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Effects of stocking density and substrate pres

Nilnaj Chaitanawisuti, Anutr Kritsanapuntu, 1998. Effects of stocking density and
substrate presence on growth and survival of juvenile spotted babylon, Babylonia
areolata link 1807 (Neogastropoda: Buccinidae). Oceanographic Literature Review.
9(45):1682.

Abstract
Effects of stocking density and substrate presence on the growth and survival of
juvenile spotted babylon, Babylonia areolata, were assessed over a period of 180
days. Juveniles, with an average shell length of 15.0 ± 0.4 mm (n = 25), were held
in 1.0 x 1.0 x 0.8 ]m flow-through rearing tanks supplied with filtered (1 μm pore
size) aerated seawater at a rate of 5 L/min. Juveniles were divided into four
stocking densities at 50, 100, 150, and 200 individuals/m2 with sand substrate or no
sand substrate in the rearing tank. Juveniles were fed to satiation twice daily with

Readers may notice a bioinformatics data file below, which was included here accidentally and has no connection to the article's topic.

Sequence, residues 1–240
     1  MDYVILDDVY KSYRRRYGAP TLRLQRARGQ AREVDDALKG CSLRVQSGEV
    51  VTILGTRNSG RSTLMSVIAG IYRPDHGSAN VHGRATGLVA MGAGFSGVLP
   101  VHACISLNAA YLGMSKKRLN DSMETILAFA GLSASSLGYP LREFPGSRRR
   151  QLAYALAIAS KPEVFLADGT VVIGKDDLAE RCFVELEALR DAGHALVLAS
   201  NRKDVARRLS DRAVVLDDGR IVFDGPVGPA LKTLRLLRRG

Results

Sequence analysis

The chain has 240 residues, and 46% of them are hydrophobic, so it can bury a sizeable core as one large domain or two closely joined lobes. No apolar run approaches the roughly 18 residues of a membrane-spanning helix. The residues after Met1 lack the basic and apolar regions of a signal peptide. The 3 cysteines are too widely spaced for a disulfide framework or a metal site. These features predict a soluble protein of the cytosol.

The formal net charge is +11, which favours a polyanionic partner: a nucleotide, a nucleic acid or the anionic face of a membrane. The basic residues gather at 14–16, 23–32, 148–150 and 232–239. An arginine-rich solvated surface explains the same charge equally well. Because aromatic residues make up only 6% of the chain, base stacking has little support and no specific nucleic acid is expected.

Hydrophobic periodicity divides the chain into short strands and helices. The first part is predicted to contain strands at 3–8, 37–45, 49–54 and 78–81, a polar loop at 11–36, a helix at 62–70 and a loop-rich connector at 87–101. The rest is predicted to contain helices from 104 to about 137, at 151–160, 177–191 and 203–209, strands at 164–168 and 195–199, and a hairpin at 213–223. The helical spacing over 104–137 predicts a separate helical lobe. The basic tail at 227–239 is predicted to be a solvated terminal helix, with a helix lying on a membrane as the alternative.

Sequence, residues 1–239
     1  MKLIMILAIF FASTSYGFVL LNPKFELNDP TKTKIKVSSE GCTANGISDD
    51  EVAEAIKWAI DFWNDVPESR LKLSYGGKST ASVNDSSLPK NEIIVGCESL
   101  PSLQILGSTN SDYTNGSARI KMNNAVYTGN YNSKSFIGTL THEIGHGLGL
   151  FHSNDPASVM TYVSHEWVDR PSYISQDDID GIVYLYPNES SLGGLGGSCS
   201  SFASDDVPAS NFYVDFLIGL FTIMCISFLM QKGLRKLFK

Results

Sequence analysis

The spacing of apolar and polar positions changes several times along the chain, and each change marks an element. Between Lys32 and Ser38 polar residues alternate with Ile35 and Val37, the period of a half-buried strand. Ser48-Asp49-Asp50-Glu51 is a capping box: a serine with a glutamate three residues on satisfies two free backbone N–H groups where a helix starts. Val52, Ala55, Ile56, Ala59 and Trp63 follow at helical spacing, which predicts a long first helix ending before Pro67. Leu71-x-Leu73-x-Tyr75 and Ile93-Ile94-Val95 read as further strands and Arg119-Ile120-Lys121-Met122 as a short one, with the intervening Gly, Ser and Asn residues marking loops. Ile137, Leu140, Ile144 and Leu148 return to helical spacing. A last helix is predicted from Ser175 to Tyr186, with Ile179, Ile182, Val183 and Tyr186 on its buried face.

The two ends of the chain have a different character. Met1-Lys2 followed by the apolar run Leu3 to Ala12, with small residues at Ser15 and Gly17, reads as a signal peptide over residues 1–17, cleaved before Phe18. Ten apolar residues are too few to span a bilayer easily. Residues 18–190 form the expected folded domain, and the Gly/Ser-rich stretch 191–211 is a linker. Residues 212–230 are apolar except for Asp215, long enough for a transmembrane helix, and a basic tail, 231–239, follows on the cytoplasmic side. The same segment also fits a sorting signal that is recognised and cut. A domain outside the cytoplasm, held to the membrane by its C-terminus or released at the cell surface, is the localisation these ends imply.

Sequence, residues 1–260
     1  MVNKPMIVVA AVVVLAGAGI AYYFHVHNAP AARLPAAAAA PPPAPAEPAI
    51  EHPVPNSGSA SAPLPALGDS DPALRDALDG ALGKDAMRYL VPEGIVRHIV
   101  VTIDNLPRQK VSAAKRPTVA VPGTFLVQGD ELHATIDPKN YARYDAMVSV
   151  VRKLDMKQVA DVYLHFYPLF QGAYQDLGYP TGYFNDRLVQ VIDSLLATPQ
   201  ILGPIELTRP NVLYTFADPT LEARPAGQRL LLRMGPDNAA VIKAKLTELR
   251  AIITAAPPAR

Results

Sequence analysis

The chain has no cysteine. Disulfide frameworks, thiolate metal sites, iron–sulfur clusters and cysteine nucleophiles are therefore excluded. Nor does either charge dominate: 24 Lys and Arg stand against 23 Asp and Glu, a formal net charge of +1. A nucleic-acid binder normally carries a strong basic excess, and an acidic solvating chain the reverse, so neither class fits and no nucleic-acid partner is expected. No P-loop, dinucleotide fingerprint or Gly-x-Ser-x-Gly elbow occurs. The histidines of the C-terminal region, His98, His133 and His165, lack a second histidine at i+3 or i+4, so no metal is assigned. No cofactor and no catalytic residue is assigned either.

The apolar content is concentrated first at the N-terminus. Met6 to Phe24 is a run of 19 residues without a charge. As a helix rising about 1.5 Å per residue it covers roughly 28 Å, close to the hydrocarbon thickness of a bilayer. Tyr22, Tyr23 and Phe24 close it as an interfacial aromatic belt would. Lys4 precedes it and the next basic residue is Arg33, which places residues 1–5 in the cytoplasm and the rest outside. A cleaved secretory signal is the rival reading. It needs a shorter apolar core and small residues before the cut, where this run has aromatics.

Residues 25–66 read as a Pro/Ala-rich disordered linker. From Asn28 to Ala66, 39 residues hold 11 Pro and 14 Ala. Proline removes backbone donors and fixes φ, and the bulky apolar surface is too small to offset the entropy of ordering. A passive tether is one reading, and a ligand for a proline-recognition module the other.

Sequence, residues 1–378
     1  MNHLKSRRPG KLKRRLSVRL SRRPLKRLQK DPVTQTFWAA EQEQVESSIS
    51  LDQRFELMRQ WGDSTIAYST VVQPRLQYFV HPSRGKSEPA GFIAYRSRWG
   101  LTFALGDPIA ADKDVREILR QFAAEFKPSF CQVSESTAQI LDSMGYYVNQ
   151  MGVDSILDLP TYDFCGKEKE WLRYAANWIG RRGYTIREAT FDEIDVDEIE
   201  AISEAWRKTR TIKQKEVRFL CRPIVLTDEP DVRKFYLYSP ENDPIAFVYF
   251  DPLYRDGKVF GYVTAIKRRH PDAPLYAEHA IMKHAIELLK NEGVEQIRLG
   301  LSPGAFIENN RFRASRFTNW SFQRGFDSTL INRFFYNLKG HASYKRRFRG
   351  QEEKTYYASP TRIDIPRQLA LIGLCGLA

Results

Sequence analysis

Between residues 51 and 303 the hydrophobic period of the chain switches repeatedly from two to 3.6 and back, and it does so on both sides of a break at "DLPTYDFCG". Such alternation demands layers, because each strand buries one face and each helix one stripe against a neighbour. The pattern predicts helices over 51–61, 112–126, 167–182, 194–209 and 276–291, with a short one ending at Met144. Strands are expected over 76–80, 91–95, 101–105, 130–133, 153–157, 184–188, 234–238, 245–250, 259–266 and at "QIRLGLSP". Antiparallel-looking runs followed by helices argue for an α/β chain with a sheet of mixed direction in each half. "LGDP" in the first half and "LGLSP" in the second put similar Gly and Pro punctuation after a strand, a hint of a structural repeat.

fresh carangid fish, Selaroides leptolepis. The results showed that absolute growth
rates in shell length and body weight of juveniles reared with sand were
significantly (p < 0.05) higher than those without sand, but no significant
differences were found among the densities. Average length increment ranged from
3.3 to 3.8 and 2.1 to 2.7 mm/mo for sand and no sand substrate, respectively.
Mortality during the experiment, at all densities, was negligible. Mean survival
ranged from 92 to 100% and 83 to 95% for sand and no sand substrate,
respectively. It may be concluded that growth, in both shell length and body

weight, and survival of juvenile B. areolata are considerably affected by the
presence of substrate, but not by stocking density (up to 200 individuals per m2).



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